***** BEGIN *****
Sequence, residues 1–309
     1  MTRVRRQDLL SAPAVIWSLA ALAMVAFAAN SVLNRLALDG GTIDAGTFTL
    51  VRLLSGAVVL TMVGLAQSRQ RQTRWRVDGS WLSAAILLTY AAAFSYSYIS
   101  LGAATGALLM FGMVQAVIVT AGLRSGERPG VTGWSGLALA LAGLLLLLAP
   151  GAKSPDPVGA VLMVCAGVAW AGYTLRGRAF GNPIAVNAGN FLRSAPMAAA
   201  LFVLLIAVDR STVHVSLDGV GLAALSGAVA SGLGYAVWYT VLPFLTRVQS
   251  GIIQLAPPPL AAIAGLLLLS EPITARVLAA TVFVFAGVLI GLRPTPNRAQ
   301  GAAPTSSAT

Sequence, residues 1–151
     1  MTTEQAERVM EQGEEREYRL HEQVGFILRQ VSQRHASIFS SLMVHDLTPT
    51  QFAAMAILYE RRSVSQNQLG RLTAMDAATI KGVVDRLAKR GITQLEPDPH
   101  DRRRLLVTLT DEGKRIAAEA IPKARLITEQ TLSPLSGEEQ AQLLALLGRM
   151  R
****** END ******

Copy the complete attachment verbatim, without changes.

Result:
Sequence, residues 1–309
     1  MTRVRRQDLL SAPAVIWSLA ALAMVAFAAN SVLNRLALDG GTIDAGTFTL
    51  VRLLSGAVVL TMVGLAQSRQ RQTRWRVDGS WLSAAILLTY AAAFSYSYIS
   101  LGAATGALLM FGMVQAVIVT AGLRSGERPG VTGWSGLALA LAGLLLLLAP
   151  GAKSPDPVGA VLMVCAGVAW AGYTLRGRAF GNPIAVNAGN FLRSAPMAAA
   201  LFVLLIAVDR STVHVSLDGV GLAALSGAVA SGLGYAVWYT VLPFLTRVQS
   251  GIIQLAPPPL AAIAGLLLLS EPITARVLAA TVFVFAGVLI GLRPTPNRAQ
   301  GAAPTSSAT

Sequence, residues 1–151
     1  MTTEQAERVM EQGEEREYRL HEQVGFILRQ VSQRHASIFS SLMVHDLTPT
    51  QFAAMAILYE RRSVSQNQLG RLTAMDAATI KGVVDRLAKR GITQLEPDPH
   101  DRRRLLVTLT DEGKRIAAEA IPKARLITEQ TLSPLSGEEQ AQLLALLGRM
   151  R